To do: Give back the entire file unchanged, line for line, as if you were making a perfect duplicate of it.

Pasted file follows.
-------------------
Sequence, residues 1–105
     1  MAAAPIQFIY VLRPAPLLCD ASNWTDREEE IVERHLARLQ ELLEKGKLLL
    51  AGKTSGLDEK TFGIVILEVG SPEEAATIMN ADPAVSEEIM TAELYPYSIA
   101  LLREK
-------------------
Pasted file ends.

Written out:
Sequence, residues 1–105
     1  MAAAPIQFIY VLRPAPLLCD ASNWTDREEE IVERHLARLQ ELLEKGKLLL
    51  AGKTSGLDEK TFGIVILEVG SPEEAATIMN ADPAVSEEIM TAELYPYSIA
   101  LLREK